At approximately high noon, Captain Andrew calls “all crew members to the deck!” It’s time for Shellbacks and Non-Shellbacks alike to honor Neptune and prostrate ourselves to the power of the sea as we cross the Equator. I hobble up to the cockpit, bringing along Sonrisa’s several new crew members onboard since our last crossing (Mexico to the Galapagos), including Tasman the Focus Kiwi, Lenny the Crocodile from Timor Leste, Louise our beer drinking Komodo Dragon, and a small shark carved by Madi’s brother. We don’t want to take any chances, so we dress them all up in rediculous costumes and prepare them for the Equator Crossing. The ship’s rum is acquired and Captain says a few words before forcing Tasman to hang from Sonrisa’s Yard Arm by her feet. With everyone properly humiliated, we offer rum to Neptune, sure to splash some on Sonrisa’s deck, and sure to have all crew members partake.
Will Neptune be appeased?
We enjoy a calm evening wrapped in a very protective anchorage. Fishermen stop by to share smoked squid and say hello. The sun dips under a hazy cloud making layers and layers of island stretch onto the horizon in a mysterious fashion.
The next morning, about an hour after we push off Neptune decides he must further test commitment of this Captain and Crew. I, again, am tucked in a bundle of pillows to moderate the rocking and rolling of my spinal column when suddenly the sound of the engine changes ever so slightly. For three or four rotations of the engine something sounds amiss and then I smell…”SMOKE!” I call out, jumping to my feet despite myself. “SMOKE!” Andrew and I both scurry at the same time to pull the engine choke switch.
“Alternator, I’m sure of it,” Andrew says, indeed just a few days ago he said as soon as we get to Malaysia he plans to proactively send it off to be rebuilt. I climb into the cockpit and take over. Not proactive anymore! The wind is building now as we are far enough away from the island we just left that trade winds are no longer blocked by it’s shores. I pull out the genoa and set a course toward our next anchorage while Andrew plucks through his spare parts stores to find his replacement alternator. Close to an hour later, I still hear grunting, groaning, buzzing of an electrical drill, more groaning. I thought this was going to be an easy swap from old alternator to new?
“You okay?” I ask. My question is met with only a long, deep sigh. I poke my head through the companion way. “What’s the matter?”
I see Andrew, sitting on the floor in the kitchen with parts and pieces spread all about him. The stairs are off and stacked on my bed, the engine room compartment held open on it’s hook. Andrew thrusts a mechanical object in my direction that I can only surmise is an alternator. A big hole in the casing exposes strangely coiled copper wires. It looks suspiciously new, and yet, there is a hole in it. “Is that the new one?”
“Yep.” Andrew tells me, matter of fact with only the hint of aggravation in his voice. He turns back to his post on the floor attempting to remove the screws holding the contraption together. I know better than to ask too many questions at this point. “Well, don’t worry, we are sailing right on course and the wind is holding us at a speed of 4.5 - 5 knots. We’ll be at the anchorage well before sunset. It’s a clear opening, too, so we can easily just sail onto the anchor if we must.” To this, I receive no response. “Maybe take a sea sickness pill?” I know how it is, looking down at all those small parts and pieces in the rolling boat, very little wind coming through the hatches to cool you off.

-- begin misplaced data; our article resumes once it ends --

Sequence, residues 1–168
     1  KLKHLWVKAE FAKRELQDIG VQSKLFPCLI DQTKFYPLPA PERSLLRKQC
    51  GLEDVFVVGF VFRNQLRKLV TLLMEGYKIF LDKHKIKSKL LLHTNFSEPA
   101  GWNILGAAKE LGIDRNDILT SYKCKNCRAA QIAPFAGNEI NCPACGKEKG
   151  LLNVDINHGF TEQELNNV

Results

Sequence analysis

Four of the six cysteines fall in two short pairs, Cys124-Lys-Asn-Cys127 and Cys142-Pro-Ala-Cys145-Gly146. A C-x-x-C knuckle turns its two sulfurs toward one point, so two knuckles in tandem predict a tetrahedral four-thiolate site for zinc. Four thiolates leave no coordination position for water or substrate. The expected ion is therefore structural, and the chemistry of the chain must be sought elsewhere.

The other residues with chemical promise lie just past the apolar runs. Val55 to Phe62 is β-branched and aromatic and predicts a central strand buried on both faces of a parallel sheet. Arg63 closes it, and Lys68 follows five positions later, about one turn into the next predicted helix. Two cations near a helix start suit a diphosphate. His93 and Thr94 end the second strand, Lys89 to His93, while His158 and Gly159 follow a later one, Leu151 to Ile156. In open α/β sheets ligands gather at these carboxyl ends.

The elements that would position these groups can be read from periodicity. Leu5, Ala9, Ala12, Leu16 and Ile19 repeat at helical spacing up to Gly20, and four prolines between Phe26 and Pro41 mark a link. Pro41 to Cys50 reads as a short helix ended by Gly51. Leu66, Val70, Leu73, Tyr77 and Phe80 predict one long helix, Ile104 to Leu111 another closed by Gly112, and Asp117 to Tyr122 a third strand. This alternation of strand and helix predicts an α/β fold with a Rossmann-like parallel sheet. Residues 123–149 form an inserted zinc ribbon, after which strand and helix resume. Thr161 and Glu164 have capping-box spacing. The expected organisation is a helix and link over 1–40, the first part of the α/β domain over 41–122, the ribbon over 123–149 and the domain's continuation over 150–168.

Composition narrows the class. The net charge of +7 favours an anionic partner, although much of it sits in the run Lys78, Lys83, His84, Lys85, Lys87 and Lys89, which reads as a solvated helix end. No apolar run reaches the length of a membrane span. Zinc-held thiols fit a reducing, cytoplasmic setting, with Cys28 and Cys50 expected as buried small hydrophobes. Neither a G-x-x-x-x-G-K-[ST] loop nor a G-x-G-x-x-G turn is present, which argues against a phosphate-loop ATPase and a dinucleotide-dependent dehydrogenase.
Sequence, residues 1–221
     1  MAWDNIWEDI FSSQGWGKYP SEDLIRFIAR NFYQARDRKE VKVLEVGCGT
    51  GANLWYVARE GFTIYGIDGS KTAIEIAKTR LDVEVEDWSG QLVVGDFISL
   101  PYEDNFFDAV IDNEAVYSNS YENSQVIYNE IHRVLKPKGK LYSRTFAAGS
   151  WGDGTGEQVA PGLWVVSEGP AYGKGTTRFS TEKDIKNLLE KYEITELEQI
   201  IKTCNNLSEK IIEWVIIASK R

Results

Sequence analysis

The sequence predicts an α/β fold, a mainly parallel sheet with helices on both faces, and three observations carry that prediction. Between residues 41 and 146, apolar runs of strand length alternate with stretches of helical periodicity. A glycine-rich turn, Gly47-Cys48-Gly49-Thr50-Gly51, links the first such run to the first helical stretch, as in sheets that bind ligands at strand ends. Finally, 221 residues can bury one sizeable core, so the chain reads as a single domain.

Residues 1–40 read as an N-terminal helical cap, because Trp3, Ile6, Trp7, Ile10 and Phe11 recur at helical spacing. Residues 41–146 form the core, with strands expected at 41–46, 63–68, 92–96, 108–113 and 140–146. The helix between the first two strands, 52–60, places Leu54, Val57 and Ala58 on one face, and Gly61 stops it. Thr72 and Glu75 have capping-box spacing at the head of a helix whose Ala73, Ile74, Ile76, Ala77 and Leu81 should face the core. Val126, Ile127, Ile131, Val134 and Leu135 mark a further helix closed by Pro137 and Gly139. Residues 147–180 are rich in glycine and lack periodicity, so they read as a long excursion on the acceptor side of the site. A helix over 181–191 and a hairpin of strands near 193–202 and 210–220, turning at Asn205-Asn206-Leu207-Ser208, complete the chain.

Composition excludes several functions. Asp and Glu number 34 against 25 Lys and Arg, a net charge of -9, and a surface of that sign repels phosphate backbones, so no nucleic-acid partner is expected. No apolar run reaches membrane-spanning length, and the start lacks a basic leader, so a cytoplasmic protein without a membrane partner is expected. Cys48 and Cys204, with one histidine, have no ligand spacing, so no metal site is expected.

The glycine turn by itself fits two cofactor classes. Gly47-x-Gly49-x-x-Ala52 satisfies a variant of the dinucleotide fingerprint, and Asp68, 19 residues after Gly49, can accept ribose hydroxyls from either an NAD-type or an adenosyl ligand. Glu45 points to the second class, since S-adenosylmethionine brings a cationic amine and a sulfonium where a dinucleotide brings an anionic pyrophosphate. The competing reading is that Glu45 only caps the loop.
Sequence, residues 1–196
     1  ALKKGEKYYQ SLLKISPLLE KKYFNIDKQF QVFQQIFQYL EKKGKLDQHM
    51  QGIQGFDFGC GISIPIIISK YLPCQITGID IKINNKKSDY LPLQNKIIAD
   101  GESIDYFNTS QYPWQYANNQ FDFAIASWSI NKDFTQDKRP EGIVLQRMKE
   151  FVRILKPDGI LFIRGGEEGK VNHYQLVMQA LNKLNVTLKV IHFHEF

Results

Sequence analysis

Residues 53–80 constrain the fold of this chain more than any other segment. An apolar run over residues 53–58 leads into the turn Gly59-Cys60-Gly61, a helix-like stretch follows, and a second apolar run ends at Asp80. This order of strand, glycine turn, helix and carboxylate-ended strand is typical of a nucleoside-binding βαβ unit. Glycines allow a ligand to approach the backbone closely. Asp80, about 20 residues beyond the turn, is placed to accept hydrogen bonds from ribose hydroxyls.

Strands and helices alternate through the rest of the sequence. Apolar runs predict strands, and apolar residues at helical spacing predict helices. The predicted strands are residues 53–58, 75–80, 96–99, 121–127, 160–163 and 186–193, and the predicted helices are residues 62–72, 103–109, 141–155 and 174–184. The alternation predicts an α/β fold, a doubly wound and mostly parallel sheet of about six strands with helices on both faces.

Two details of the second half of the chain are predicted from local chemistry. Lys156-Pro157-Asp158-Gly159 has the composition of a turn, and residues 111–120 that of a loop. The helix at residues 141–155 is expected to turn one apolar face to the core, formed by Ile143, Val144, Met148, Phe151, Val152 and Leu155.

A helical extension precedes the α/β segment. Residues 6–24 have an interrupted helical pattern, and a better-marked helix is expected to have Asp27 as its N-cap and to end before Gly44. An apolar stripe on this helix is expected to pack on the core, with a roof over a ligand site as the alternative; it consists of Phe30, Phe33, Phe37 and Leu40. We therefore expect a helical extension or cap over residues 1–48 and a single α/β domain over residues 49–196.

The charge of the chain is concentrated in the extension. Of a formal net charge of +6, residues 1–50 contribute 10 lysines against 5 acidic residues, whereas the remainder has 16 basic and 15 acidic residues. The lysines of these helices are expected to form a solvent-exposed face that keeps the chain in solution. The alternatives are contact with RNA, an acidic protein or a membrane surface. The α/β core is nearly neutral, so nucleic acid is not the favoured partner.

“That’s probably a good idea.” He grabs a pill, stands in the companion way and looks at me with sweat pouring off his forehead as he sips some water. “Obviously that thing was sitting in some salt water.” Thus explaining how his perfectly new, $600 alternator has been re-sculpted with a hole.
I nod. “Yeah, how?
“Anchor locker, I’m sure.” We had been storing these pieces in the front bow compartment, next to the anchor locker which is supposed to have a drain into the bilge, but obviously some water escaped a little higher up. All I can do is look on with sympathy and sail the boat.
Andrew goes back down below and I rearrange the bean bags so that I am squeezed in the footwell, as cushioned as possible against the rocking. I’m drugged up on Ibuprofen, hoping to cut down the nerve-lightning that hits me with each wave. I marvel at Andrew. What would I have done/said the moment I found that new alternator in the condition it is in? I’d be more vocal, I’ll tell you that. It would involve a string of my least clever explicative phrases - or in other words I'd be cussing like a sailor.
Andrew installs the new alternator anyway, hoping this is just a “cosmetic problem,” but the salt water corrosion has frozen its pieces in place. He removes the new alternator, hammers away at the old alternator and reinstalls it hoping juggling and hammering at it would help. The old alternator won’t work either and he doesn’t have a spare for the bearing that blew.
“What if you took the parts from the new alternator and put them on the old?” I ask as Andrew hammers away at trying to tear in half each the old and the new alternator.
“Yep, that’s what I’m going to do,” Andrew says, “I think the broken bits on each one are on opposite sides!” This is the first time hope has creeped into his voice all afternoon. Unfortunately it’s paired with a deep rumble from somewhere off our port bow. I don’t want to mention it, but a squall is on its way. Deep black clouds singing with their base choir of thunder has been slowly creeping up on Sonrisa’s stern for the last hour or two. I change course, riding the edge of the storm just a while longer. Andrew knows what he has to do, now, it won’t be long until he gets it squared away. More hammering, drilling, sweaty Captain silence goes on below until I can’t wait anymore, he should know what’s coming our way.
“No need to worry, I’ll just bring in sail, but there’s a squall headed our way.”
Andrew looks up at me, and his eyes tell me everything I already knew: “Really, seriously? Bah.” No one wants to chase rolly-polly nuts and bolts around the salon floor while surfing higher wind and waves of a squall. We need all our energy directed toward voodoo dancing to keep the lightning from striking that giant aluminum stick we like to carry around with us. “I’m almost done.” he says.
“I give you the Frankenator!” He holds up his new creation, the corpse of the old alternator paired with parts of the new, ready for business. I pull in the genoa and replace it with the smaller jib while Andrew attaches Frankenator in place. “Here goes nothing.” As equatorial thunder and lighting flash and crash all around us, Andrew instructs me to turn the key to the engine and we wait. Will it work?